Nats rural tour too late for small schools
Trevor Mallard spoke to small school principals in Wanganui today and said that Labour had become the main political party watching out for the interests of small rural communities and the needs of small rural schools.
"Over the past few years, I have been to a wide range of small, isolated rural schools and listened carefully to their concerns. Those concerns will be reflected in Labour's education policy to be released within a couple of months," Trevor Mallard said.
"By contrast, National's market driven approach to education provision has hit small schools hard. Their 'National is working for the country' tour of rural communities will be seen for what it is - a blatant election year attempt to try and disguise the fact that their policies have hurt rural communities.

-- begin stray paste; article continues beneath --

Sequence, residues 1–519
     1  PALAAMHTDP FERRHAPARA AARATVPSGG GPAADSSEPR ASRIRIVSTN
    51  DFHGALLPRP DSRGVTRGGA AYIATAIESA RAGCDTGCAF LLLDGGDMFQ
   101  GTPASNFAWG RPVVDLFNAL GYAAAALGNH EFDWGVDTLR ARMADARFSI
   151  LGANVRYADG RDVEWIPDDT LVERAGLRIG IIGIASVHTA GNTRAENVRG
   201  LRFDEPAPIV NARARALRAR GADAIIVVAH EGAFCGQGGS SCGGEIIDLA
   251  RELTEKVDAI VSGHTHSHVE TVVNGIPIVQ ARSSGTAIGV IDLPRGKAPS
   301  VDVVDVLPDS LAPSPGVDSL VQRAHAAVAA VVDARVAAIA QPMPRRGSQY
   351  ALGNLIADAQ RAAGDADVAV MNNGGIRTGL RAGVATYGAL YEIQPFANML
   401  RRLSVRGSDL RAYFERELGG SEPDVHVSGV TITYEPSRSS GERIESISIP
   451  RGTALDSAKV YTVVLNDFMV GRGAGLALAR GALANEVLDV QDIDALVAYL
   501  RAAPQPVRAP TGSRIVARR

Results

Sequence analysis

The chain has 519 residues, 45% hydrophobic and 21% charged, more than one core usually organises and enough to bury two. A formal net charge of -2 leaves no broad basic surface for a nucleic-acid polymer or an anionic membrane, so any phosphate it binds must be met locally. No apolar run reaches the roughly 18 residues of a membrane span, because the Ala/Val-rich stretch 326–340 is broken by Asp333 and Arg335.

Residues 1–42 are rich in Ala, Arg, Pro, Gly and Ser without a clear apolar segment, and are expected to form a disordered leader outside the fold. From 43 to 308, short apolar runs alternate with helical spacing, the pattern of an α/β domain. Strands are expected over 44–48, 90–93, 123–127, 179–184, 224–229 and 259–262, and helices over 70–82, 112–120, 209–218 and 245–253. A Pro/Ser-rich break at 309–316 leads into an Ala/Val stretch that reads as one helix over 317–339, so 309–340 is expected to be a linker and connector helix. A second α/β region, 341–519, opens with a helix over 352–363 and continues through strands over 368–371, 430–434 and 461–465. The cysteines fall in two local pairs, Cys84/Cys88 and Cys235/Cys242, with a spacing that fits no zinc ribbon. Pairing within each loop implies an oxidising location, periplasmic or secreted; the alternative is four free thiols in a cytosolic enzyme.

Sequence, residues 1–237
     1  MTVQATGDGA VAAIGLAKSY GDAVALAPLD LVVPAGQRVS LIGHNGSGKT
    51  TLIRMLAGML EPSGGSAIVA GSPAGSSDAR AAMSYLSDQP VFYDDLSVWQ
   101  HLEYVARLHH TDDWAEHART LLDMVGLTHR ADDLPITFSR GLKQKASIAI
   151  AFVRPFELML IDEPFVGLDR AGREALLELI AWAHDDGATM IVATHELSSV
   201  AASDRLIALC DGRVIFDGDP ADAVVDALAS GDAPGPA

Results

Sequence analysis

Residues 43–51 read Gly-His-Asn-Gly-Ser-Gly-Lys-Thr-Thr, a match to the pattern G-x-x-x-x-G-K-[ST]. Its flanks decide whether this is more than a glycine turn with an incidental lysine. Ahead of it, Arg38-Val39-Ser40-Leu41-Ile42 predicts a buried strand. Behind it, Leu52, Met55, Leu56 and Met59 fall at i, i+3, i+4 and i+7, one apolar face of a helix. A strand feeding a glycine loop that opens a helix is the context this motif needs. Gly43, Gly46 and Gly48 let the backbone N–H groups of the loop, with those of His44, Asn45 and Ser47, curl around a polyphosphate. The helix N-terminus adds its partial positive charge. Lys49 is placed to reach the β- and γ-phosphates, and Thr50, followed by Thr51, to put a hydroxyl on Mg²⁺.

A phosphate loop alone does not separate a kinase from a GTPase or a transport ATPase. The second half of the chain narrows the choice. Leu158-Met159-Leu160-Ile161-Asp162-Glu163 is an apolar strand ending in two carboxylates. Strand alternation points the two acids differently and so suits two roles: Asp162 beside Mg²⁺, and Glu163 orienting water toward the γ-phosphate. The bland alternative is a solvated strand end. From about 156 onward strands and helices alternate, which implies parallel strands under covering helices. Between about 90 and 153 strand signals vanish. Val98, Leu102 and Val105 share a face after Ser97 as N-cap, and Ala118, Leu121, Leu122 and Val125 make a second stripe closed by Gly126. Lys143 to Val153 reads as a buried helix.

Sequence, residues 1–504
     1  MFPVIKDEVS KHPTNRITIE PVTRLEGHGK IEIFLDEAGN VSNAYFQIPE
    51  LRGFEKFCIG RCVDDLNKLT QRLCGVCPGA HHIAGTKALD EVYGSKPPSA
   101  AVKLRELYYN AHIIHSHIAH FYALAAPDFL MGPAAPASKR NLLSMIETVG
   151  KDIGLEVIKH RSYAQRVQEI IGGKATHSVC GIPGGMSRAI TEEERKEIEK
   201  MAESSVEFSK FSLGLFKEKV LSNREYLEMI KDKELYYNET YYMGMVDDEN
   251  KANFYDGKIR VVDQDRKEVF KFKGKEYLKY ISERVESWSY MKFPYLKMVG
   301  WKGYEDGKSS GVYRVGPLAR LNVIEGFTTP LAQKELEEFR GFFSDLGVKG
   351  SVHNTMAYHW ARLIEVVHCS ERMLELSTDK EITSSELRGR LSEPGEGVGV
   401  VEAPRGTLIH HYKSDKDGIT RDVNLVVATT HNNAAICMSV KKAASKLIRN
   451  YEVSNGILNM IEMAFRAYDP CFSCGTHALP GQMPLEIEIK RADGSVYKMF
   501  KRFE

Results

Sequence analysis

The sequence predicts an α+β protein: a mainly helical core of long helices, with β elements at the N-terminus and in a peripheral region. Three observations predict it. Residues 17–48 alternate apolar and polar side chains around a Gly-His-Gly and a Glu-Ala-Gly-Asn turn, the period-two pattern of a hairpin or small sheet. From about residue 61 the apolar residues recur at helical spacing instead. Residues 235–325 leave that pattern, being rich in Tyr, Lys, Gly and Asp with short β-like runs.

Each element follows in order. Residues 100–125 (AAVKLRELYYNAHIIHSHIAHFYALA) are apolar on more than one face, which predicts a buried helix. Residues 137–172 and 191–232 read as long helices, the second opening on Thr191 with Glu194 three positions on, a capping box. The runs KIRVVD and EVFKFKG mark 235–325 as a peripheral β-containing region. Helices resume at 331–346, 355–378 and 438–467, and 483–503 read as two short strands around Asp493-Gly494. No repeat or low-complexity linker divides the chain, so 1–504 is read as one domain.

"In the schools sector this has been obvious. The 1995 staffing changes put rural schools in the same basket as large urban schools with no recognition of the difficulties they face like the increasing administration work for teaching principals; the logistics of staff taking part in inservice training; and the lack of support services. These are all issues which have been drawn to my attention when I visit these schools. Labour is determined that school staffing schedules be revisited to take those difficulties into account.
"We will also reject the contestable approach to advisory services and resource development currently opposed in the Government Green Paper on teacher education.
"This would unfairly disadvantage
rural, isolated and small schools where it is quite
conceivable that the entire professional development funding
allocation from the Government could be used up by travel to
a one day course. Yet the smaller and more remote that
schools are, the more desperately they need advice, support
and professional development," Trevor Mallard said.